Author Topic: Accidental Americans  (Read 696 times)

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Offline larrabee

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Re: Accidental Americans
« Reply #15 on: April 26, 2018, 05:54:02 PM »
Nan, yes, I know what you mean. It is crazy making. Nobody anywhere else in the world would even imagine such a law could exist, and yet some homelanders think it is normal and ‘you should have known’. Grrrrrrr

This is why the accidental I know doesn't believe me when I tell them! The way it is, you couldn't make this stuff up!
March 28th 2013-Moved to UK, husband on spouse visa.Oct 20th 2015-Applied by mail for FLR(M).Feb 1st 2016 FLR(M).March 7th 2018 ILR. YAY! March 21st NCS&JCAP appointment.

Offline Same Boat

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Re: Accidental Americans
« Reply #16 on: April 26, 2018, 08:16:28 PM »
The USG has been aware of the plight of the Accidental Americans quite a few years now, i believe it came up in the Obama administration but no relief has been provided yet. It is the Fatca that exacerbated the problem because in some places, accidentals are being turned down for financial services, bank accounts, mortgages, loans, career advancement to name a few. Accidentals without a US birth place should ignore everything unless they intend to move to the USA.

Prior to Fatca people went about their business without a clue (as did I). I also never lived in the USA as an adult and had no way of knowing these rules as education is non existent until Fatca.

I don't think citizenship taxation will be abolished so easily. The USA is in debt, and no one wants to be seen to be helping rich homeland Americans avoid tax by moving overseas. If the laws do change, they could also be changed back. The best advise is to evaluate your relationship with US citizenship. Renounce if you see no benefit to US citizenship. There is the option to ignore everything too but one must weight up their own individual circumstances as to the risks.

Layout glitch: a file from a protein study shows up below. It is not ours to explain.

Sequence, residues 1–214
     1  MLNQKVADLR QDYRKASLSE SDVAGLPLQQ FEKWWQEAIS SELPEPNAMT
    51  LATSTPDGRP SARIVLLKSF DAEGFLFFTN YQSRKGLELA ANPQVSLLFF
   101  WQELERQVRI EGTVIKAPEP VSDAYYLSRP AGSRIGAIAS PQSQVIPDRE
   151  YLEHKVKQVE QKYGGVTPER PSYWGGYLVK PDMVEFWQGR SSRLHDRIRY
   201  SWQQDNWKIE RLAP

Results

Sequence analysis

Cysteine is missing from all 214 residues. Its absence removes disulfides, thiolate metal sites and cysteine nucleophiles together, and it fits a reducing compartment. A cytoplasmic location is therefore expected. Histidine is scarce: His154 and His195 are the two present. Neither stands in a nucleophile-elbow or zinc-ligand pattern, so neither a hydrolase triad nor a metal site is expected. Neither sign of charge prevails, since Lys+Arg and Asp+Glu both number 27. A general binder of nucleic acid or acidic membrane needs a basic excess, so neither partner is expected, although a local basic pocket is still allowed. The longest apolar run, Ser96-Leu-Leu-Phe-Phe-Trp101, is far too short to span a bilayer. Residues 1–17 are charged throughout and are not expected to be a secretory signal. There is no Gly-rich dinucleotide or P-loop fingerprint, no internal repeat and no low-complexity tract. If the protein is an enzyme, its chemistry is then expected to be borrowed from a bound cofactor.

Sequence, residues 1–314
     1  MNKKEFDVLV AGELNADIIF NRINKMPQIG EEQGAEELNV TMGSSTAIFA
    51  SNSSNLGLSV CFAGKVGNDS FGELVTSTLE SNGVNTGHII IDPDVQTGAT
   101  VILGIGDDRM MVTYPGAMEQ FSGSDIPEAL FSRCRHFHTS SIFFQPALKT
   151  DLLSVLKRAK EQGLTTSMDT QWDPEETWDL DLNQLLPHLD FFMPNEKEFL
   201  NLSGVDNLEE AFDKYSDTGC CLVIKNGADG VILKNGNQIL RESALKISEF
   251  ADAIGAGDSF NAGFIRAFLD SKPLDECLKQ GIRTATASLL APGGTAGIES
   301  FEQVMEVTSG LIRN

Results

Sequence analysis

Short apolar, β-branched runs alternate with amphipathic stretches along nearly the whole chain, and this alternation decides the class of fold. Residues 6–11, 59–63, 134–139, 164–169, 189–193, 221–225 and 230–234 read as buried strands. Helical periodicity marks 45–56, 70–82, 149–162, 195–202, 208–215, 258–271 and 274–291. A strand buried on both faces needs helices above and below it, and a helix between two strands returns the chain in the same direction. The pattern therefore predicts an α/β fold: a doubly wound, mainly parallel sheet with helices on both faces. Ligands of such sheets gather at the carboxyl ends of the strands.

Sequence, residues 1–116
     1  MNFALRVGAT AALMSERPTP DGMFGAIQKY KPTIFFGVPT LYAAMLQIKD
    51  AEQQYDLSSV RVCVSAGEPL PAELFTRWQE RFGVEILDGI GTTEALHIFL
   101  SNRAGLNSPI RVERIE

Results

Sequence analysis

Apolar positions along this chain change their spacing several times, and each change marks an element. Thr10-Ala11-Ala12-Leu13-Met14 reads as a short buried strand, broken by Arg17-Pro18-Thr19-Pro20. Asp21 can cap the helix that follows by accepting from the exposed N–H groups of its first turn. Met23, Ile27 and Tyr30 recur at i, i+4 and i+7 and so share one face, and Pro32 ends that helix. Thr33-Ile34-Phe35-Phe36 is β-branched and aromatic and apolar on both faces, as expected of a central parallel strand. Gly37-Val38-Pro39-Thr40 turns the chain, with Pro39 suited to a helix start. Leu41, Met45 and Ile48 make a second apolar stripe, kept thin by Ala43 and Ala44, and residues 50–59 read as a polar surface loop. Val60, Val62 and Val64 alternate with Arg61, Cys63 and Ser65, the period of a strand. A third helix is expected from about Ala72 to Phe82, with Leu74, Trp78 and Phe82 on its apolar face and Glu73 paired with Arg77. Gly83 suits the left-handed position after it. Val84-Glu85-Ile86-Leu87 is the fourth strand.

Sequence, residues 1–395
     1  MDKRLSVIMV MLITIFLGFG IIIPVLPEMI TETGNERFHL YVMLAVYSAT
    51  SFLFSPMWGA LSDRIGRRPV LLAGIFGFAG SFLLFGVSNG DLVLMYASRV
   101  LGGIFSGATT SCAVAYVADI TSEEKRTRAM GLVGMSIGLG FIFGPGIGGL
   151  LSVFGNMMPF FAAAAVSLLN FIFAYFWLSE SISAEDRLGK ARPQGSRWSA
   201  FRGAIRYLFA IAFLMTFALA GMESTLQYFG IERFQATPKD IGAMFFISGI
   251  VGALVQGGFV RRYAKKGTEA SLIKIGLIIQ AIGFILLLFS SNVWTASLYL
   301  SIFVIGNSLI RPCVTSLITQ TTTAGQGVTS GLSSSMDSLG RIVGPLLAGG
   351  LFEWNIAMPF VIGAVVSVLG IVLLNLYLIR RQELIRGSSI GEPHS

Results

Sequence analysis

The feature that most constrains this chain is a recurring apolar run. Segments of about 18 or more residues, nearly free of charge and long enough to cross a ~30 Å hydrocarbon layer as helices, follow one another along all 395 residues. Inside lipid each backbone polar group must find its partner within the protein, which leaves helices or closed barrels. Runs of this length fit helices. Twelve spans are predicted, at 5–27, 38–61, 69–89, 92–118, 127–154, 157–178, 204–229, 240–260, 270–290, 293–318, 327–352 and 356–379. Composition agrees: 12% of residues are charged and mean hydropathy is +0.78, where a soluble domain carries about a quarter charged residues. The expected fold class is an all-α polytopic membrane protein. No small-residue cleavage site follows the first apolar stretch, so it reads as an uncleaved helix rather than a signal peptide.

Offline theOAP

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Re: Accidental Americans
« Reply #17 on: April 27, 2018, 10:33:44 AM »
The USG has been aware of the plight of the Accidental Americans quite a few years now, i believe it came up in the Obama administration but no relief has been provided yet.
Even the 2016 Green Book proposal did not allow a simple exit; 5 years of compliance was still required.

https://www.angloinfo.com/blogs/global/us-tax/relief-for-accidental-americans-obama-administrations-2016-revenue-proposal/

I don't think citizenship taxation will be abolished so easily. The USA is in debt, and no one wants to be seen to be helping rich homeland Americans avoid tax by moving overseas. If the laws do change, they could also be changed back. The best advise is to evaluate your relationship with US citizenship.
I agree. As unpopular as the ACA proposal was (is?) in certain circles, IMO, it is probably the best representation of what could eventually come to pass (as a near term solution). It contained a 3/5 year qualifying period and reduced yearly reporting required to confirm foreign residence to enable the exemption.

Hopefully, the TTFI initiative will have a proper hearing, but the risk, as you noted, is if it is passed by one political party over the objections of the other political party, it would be vulnerable to repeal in the future. Consensus is required for a permanent fix, whether for accidentals or all US expats. Given the comments by some Congresspersons in the recent House committee session on the unexpected consequences of FATCA, this will not be an easy task. Selling it to the typical, uninformed US voter would also not be an easy task. Finding an acceptable 'spin' is critical, and 'morally correct' is probably not sufficient.

Let's hope the revenue neutral figures obtained by ACA private research are accurate.